Workforce Issues And Patient Safety
Workforce Issues And Patient Safety
WEEK2/Discussion Question 2
RESEARCH WORKFORCE ISSUES AND PATIENT SAFETY. SELECT ONE OF THE SUGGESTED REFERENCES LISTED BELOW.
Ko, E., Nelson-Becker, H., Park, Y., & Shin, M. (2013). End-of-Life decision making in older Korean adults: Concerns, preferences, and expectations.Educational Gerontology, 39(2), 71–81.
Roulston, A., Bickerstaff, D., Haynes, T., Rutherford, L., & Jones, L. (2012). A pilot study to evaluate an outpatient service for people with advanced lung cancer. International Journal of Palliative Nursing, 18(5),225–233.
Sandvik, A., Melender, H., Jonsén, E., Jönsson, G., Salmu, M., & Hilli, Y. (2012). Nursing students’ experiences of the first clinical education: ANordic quantitative study. Nordic Journal of Nursing Research & Clinical Studies /Vård I Norden, 32(3), 20–25.
Shisana, O., Rice, K., Zungu, N., & Zuma, K. (2010). Gender and poverty in South Africa in the era of HIV/AIDS: A quantitative study. Journal of
Women’s Health (15409996), 19(1), 39–46.
Based on your research, select an article and complete the following tasks:
· Identify and describe the research problems, purpose, objectives, and hypothesis of the research.
· Evaluate the credibility and validity of the study.
APA format references needed.
The importance of nurse staffing to the delivery of high-quality patient care was a principal finding in the landmark report of the Institute of Medicine’s (IOM) Committee on the Adequacy of Nurse Staffing in Hospitals and Nursing Homes: “Nursing is a critical factor in determining the quality of care in hospitals and the nature of patient outcomes”1 (p. 92). Nurse staffing is a crucial health policy issue on which there is a great deal of consensus on an abstract level (that nurses are an important component of the health care delivery system and that nurse staffing has impacts on safety), much less agreement on exactly what research data have and have not established, and active disagreement about the appropriate policy directions to protect public safety.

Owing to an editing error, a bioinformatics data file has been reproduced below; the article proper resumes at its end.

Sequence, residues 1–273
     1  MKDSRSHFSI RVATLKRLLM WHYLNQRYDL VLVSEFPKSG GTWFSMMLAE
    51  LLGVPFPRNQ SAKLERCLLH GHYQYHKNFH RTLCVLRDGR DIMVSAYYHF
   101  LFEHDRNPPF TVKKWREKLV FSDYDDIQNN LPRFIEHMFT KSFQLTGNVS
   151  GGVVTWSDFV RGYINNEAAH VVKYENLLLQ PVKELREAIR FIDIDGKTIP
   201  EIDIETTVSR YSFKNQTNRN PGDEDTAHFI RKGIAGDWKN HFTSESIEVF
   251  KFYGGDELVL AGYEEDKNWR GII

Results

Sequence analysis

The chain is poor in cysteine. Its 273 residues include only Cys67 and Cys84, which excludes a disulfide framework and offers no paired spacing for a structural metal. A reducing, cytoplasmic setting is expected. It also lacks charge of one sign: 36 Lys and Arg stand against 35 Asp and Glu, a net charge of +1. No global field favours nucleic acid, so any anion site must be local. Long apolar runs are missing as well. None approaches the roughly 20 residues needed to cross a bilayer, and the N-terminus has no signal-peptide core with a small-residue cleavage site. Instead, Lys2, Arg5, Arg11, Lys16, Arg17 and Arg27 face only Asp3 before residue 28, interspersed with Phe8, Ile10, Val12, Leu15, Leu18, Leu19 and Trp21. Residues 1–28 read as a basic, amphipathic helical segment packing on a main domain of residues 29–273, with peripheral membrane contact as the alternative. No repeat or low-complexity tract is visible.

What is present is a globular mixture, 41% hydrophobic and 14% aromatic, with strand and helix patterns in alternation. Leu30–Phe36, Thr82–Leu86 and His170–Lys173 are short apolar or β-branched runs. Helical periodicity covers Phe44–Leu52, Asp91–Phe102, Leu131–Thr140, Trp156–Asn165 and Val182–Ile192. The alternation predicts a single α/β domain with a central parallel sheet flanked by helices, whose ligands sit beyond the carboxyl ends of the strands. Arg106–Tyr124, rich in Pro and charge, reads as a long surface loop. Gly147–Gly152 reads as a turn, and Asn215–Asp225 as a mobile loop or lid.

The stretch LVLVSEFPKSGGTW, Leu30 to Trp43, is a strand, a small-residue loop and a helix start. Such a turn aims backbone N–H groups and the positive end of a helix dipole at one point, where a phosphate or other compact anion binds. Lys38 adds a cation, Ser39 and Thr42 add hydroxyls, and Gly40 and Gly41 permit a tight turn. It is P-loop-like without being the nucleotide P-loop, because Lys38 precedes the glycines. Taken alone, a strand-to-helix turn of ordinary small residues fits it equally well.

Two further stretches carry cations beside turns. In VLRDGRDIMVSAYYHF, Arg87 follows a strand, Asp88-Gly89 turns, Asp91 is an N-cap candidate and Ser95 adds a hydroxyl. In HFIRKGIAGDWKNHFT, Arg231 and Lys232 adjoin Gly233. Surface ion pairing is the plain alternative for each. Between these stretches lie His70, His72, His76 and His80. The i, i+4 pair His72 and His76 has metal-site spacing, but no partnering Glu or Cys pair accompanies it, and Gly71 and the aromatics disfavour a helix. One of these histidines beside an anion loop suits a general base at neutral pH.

The purpose of this chapter is to summarize and discuss the state of the science examining the impact of nurse staffing in hospitals and other health care organizations on patient care quality, as well as safety-focused outcomes. To address some of the inconsistencies and limitations in existing studies, design issues and limitations of current methods and measures will be presented. The chapter concludes with a discussion of implications for future research, the management of patient care and public policy.
For several decades, health services researchers have reported associations between nurse staffing and the outcomes of hospital care.2–4 However, in many of these studies, nursing care and nurse staffing were primarily background variables and not the primary focus of study.5 In the 1990s, the National Center for Nursing Research, the precursor to the National Institute of Nursing Research, convened an invitational conference on patient outcomes research from the perspective of the effectiveness of nursing practice.6 It was hoped that as methods for capturing the quality of patient care quantitatively became more sophisticated, evidence linking the structure of nurse staffing (i.e., hours of care, skill mix) to patient care quality and safety would grow. However, 5 years later, the 1996 IOM report articulating the importance of nurses and nurse staffing on outcomes concluded that, at that time, there was essentially no evidence that staffing exerted an effect on acute care hospital patients’ outcomes and limited evidence of its impact on long-term care outcomes.1